When most women find out they are pregnant, they think twice about what they feed their body and baby, striving for high nutritional value. Sometimes they crave nutrient-dense food; other times it’s mashed potatoes and ice cream. Like everything in life, there’s room for both, and finding a good balance is best. The same is true for movement.
If you crave intense, heart-pumping cardio, you may need to build in some thoughtful rest. And if you crave rest and stillness, you may need to build in some more movement and exercise. It’s all about balance. And this lesson will serve you well in motherhood. Society and social media appear to reward perfection when we should strive for balance instead.
Speaking of balance, your center of gravity constantly shifts throughout your pregnancy, so avoiding activities with a high likelihood of falling is best. This also isn’t the best time for contact sports or exercising in the extremes of temperature. But most importantly, you should choose forms of exercise and movement that bring you joy. If your internal conversation during your exercise sounds like this:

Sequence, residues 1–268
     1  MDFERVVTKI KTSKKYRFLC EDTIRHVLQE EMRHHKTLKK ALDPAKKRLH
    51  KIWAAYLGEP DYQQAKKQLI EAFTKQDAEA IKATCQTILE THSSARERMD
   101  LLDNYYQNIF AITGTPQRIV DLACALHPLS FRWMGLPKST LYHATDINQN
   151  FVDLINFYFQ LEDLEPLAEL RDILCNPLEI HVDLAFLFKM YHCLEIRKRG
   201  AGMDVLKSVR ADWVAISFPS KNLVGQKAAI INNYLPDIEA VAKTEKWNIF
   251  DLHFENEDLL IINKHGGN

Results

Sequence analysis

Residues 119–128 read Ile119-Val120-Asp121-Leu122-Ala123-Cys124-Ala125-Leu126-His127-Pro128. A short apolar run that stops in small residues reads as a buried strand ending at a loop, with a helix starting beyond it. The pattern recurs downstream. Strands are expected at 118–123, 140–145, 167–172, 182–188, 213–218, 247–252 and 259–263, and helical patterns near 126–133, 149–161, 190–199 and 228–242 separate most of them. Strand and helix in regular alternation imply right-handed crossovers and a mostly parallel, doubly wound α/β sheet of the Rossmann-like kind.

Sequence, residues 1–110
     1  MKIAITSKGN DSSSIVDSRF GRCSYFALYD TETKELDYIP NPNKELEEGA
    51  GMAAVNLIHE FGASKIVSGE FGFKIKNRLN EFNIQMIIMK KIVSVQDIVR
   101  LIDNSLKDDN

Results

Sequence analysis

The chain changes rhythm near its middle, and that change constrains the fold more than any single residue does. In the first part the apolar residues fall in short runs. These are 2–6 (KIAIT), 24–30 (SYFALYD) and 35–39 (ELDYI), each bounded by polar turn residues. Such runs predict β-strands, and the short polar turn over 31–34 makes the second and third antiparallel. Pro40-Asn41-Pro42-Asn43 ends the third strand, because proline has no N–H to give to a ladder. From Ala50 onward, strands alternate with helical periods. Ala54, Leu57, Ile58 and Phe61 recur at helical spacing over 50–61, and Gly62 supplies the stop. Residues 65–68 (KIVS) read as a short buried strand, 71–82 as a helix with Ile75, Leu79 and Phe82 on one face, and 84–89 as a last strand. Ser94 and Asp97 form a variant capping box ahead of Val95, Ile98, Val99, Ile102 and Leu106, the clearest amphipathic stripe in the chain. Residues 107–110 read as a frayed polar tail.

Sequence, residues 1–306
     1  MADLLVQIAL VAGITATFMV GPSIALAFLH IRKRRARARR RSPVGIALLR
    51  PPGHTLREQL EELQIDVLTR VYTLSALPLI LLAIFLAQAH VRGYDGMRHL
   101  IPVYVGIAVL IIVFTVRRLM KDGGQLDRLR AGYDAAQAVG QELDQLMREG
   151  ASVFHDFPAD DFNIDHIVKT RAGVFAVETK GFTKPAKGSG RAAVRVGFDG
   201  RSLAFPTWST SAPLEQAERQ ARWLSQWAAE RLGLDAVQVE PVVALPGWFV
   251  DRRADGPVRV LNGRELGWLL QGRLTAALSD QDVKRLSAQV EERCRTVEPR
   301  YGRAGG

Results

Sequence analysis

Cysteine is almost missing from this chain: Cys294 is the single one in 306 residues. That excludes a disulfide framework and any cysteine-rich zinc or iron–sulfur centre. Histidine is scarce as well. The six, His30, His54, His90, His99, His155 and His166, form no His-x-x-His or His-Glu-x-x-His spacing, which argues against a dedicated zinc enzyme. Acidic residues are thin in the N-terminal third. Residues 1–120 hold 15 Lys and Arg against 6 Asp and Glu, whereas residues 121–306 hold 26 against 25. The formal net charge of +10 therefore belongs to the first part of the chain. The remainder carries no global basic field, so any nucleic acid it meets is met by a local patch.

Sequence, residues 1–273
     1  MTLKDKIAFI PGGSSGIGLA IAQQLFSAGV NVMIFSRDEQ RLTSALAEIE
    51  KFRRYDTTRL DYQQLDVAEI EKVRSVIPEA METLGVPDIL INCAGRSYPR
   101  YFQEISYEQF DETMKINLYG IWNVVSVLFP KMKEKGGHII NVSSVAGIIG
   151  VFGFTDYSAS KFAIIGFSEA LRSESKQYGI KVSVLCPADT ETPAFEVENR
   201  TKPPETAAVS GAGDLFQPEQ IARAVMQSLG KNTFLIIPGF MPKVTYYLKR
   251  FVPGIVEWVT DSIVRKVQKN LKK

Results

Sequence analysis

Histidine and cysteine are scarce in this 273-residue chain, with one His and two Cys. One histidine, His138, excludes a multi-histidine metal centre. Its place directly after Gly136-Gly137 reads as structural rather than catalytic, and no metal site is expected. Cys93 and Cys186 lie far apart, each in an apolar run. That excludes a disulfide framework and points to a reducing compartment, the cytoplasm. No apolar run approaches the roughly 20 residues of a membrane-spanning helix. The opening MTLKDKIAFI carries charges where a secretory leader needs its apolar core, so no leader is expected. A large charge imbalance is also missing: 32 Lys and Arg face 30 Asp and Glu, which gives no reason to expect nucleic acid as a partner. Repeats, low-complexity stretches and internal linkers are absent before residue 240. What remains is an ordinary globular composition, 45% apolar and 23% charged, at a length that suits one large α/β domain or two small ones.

….your body may be registering your movement session as stressful. We have plenty of other things to be stressed about these days. Exercise shouldn’t be one of them, and there are far too many choices when it comes to getting nutritious movement to pick something you don’t enjoy. Plus, don’t make me pull up the research about how your own stress and anxiety affect your baby!
Let’s take a look at what is happening throughout your pregnancy to help you choose a movement strategy that’s a good balance of everything you need to build a body capable of supporting your pregnancy, birthing your baby, and is primed for a smooth recovery.
(Disclaimer: Here’s everything the American College of Obstetricians and Gynecologists thinks you should know about exercising safely during your pregnancy.)
Congratulations, you’re pregnant! Now what?! As long as you’re not considered a high-risk pregnancy, you can continue with your regular exercise routine in the first trimester with a few simple modifications.
But what if you don’t have a regular exercise routine?